Molecular modelling approaches in Parkinson’s disease: enhancing Domperidone oral availability through nanopolymers.
Ndlovu, Stalielson Tatenda.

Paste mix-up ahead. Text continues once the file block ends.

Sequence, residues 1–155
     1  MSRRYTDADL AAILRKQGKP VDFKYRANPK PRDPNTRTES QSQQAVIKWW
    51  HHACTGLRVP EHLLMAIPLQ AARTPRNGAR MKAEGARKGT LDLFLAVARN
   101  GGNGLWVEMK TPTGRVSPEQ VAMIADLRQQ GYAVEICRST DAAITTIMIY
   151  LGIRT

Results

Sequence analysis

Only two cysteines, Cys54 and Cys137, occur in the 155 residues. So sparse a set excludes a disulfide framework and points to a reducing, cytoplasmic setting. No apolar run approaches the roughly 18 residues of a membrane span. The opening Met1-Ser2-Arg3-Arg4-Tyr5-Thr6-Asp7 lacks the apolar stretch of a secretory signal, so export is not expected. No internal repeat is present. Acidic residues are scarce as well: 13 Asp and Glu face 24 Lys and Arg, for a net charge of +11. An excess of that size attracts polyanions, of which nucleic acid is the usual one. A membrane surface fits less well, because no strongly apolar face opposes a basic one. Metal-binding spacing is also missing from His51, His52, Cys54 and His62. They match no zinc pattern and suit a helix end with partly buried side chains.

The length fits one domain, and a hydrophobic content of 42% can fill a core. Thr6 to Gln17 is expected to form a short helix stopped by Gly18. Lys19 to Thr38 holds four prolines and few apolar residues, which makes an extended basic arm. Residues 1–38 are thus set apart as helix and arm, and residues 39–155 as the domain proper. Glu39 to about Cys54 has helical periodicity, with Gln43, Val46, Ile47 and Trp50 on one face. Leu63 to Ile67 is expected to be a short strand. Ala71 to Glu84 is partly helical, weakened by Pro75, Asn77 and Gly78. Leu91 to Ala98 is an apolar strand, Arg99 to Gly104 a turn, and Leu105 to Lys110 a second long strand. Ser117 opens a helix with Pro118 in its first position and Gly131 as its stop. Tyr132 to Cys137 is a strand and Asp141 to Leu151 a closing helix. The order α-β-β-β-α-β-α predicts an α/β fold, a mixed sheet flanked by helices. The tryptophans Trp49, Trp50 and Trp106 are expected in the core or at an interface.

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Parkinson’s disease is symbolized by resting tremor, rigidity, and bradykinesia caused by the loss of dopaminergic neurons in the substantia nigra, the presence of Lewy bodies, and a decent response to levodopa. However, a domperidone (DOMP) supplement is often necessary to remedy the nausea and vomiting caused by this prodrug and its therapeutic counterparts, namely metoclopramide must be supplemented with domperidone therapy to treat nausea and vomiting. Even though it is potentially the best antiemetic by reason of its unique mechanism of action, this drug presents with low solubility. In addition to a plethora of adverse effects; these shortcomings necessitate the use of polymeric nanoparticles (nano-polymers) to boost the dissolution rates by improving the solubility of DOMP. The resultant enhancement in bioavailability of the active ingredient is envisaged to address the challenge of increase adherence and reduce frequency dosing through controlled release. Therefore, the aim of this study was to employ molecular modelling approaches to rationalize the selection of suitable polymers for use in the production of stable domperidone nanopolymers with enhanced bioavailability. Polymers-combinations were designed and synthesized by collaborators and structures were made available for this study. Docking and binding free energy calculations were carried out for on 12 polymers-DOMP complexes. Results showed stability for all complexes, converging at 20ns over a 50ns simulation. Of the polymer-complexes, the HPMC-PVA-DOMP (25.22 kcal/mol) system showed the most optimal binding free energy based on the intermolecular interactions. This demonstrates favorable affinity of DOMP to the polymer, thus justifying its use in Parkin’s diease therapy. The Molecular modelling tools provided in this study underpin knowledge at a molecular level of DOMPpolymer nanocrystal interactions. This was further substantiated by collaborative experimental studies. This study has contributing immensly to the understanding of nano-polymers toward enhanced therapy against Parkinson’s disease.